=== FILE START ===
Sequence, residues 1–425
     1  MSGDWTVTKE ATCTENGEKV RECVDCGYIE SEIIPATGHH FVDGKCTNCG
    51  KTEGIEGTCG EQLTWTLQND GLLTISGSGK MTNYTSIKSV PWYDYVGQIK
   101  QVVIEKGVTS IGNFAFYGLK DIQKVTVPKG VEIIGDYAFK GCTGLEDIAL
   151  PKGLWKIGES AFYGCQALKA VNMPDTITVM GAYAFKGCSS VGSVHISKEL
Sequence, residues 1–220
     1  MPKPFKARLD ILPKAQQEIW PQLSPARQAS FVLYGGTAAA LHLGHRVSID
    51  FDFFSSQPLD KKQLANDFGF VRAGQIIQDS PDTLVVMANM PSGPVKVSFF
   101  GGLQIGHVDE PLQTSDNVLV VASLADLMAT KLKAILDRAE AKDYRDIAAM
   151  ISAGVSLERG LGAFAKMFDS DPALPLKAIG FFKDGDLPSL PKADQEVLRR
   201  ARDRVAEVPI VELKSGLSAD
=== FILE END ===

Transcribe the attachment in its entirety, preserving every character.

Sequence, residues 1–425
     1  MSGDWTVTKE ATCTENGEKV RECVDCGYIE SEIIPATGHH FVDGKCTNCG
    51  KTEGIEGTCG EQLTWTLQND GLLTISGSGK MTNYTSIKSV PWYDYVGQIK
   101  QVVIEKGVTS IGNFAFYGLK DIQKVTVPKG VEIIGDYAFK GCTGLEDIAL
   151  PKGLWKIGES AFYGCQALKA VNMPDTITVM GAYAFKGCSS VGSVHISKEL
Sequence, residues 1–220
     1  MPKPFKARLD ILPKAQQEIW PQLSPARQAS FVLYGGTAAA LHLGHRVSID
    51  FDFFSSQPLD KKQLANDFGF VRAGQIIQDS PDTLVVMANM PSGPVKVSFF
   101  GGLQIGHVDE PLQTSDNVLV VASLADLMAT KLKAILDRAE AKDYRDIAAM
   151  ISAGVSLERG LGAFAKMFDS DPALPLKAIG FFKDGDLPSL PKADQEVLRR
   201  ARDRVAEVPI VELKSGLSAD